Print

National University of Ireland Galway partners in EnAlgae project

By Erin Voegele | February 22, 2012

National University of Ireland Galway recently announced that researchers within its Ryan Institute are participating in a €14 million ($18.5 million) European algae initiative. The program, known as the Energetic Algae—or EnAlgae—project, was announced in 2011 and is led by Swansea University. The four-year program, which celebrated its inauguration in November, is a strategic initiative funded by the INTERREG IVB North West Europe Programme.

According to NUI Galway, as partner in the project its researchers will be responsible for the initial step of producing some of the biomass required for conversion into biofuel. Specifically, NUI Galway will cultivate macroalgae, or seaweed, at sea in a one-hectare pilot plot.

The university stated that its component of the program will focus on the cultivation of kelp species native to Ireland. Growth of the seaweed crop occurs in two phases, said NUI Galway in a press release, with the first stage being carried out at the Ryan Institute’s Carna Research Station Co. Galway. Maeve Edwards, a research scientist at the facility, said the initial stage includes culturing the kelp and spraying the microscopic growth onto ropes. “Once the seaweed has been ‘seeded’ onto hundreds of [meters] of rope, they are deployed at sea in the one-hectare experimental plot in Ventry Harbour, Co. Kerry,” he said. Seaweed for the EnAlgae project will also be cultivated in Northern Ireland and Brittany, France.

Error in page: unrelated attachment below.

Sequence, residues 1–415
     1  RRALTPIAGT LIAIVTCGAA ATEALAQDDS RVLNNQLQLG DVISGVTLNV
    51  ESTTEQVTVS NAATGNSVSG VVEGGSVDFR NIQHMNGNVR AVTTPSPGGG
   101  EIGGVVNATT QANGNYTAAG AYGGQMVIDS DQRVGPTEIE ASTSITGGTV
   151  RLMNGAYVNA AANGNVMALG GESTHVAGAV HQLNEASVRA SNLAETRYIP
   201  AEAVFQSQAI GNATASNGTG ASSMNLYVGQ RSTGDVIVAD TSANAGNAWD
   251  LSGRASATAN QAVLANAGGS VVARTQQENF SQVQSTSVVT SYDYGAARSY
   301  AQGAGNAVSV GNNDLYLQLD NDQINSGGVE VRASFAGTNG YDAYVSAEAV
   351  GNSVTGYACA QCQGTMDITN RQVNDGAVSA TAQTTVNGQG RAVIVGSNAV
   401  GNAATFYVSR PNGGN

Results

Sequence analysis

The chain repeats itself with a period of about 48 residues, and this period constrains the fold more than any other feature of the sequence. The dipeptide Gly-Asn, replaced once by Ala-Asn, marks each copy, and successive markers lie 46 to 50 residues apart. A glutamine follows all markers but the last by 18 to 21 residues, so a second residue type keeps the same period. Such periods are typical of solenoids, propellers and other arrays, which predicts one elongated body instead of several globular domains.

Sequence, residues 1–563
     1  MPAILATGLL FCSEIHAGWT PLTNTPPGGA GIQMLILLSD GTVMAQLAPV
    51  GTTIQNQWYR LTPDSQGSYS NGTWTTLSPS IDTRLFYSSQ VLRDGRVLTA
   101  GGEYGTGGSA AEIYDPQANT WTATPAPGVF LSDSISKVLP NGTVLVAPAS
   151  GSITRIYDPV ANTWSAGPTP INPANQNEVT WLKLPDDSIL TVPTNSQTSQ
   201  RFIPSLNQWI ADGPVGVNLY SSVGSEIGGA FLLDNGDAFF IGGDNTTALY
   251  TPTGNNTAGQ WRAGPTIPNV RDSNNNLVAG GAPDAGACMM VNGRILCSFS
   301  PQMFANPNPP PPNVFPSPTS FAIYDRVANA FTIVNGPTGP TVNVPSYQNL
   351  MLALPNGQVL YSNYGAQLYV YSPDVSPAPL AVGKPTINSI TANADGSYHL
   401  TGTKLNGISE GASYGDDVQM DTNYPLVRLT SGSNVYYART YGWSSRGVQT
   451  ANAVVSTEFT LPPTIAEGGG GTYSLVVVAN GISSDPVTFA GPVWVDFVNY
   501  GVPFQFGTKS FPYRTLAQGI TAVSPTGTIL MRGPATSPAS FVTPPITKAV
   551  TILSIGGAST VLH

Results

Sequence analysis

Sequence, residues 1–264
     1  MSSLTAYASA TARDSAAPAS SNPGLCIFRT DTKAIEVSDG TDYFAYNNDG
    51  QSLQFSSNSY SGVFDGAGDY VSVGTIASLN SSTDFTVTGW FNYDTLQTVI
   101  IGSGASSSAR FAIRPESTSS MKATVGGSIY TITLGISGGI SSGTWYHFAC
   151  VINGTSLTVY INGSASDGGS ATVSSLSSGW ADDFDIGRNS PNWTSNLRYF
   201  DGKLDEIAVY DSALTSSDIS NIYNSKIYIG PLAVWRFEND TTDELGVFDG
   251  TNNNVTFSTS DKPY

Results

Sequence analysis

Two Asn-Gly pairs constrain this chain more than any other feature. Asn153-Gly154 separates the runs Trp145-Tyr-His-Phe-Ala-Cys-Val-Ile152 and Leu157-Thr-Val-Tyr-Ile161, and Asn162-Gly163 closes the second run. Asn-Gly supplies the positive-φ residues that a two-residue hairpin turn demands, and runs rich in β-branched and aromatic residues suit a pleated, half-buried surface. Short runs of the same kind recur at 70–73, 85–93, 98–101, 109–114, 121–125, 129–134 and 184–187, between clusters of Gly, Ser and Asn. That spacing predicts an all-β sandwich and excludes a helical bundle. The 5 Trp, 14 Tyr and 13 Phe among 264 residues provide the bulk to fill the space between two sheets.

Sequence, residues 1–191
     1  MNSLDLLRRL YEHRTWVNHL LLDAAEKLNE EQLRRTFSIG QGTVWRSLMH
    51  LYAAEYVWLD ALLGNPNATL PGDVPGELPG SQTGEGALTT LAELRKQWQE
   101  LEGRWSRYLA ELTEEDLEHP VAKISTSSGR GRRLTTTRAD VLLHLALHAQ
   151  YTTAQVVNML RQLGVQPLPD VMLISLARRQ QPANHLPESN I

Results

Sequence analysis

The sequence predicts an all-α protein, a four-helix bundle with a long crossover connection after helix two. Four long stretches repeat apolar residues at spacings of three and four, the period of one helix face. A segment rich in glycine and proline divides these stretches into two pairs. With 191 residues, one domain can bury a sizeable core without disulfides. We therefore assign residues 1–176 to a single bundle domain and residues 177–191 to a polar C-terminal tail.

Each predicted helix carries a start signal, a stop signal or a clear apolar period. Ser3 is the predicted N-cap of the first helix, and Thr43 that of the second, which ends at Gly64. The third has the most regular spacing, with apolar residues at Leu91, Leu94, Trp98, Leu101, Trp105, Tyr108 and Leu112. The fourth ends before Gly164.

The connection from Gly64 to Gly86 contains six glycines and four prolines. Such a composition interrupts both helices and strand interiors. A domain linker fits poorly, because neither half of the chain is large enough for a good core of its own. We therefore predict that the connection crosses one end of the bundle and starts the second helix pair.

The EnAlgae program currently includes 19 partners and 13 observers across eight EU member states, including France, Belgium, the U.K., Germany, Ireland, the Netherlands, Switzerland and Luxembourg. Additional information published on the EnAlgae initiative notes that the program is designed to allow expert centers across Northwest Europe to form an integrated pilot network to accelerate the development of new algal-based technologies. The project also aims to develop best practices that will influence European policies on algal biomass production and related technologies, helping to derisk and accelerate commercialization in the sector. 

 

 

 

0 Responses

     

    Leave a Reply

    Biomass Magazine encourages encourages civil conversation and debate. However, we reserve the right to delete comments for reasons including but not limited to: any type of attack, injurious statements, profanity, business solicitations or other advertising.

    Comments are closed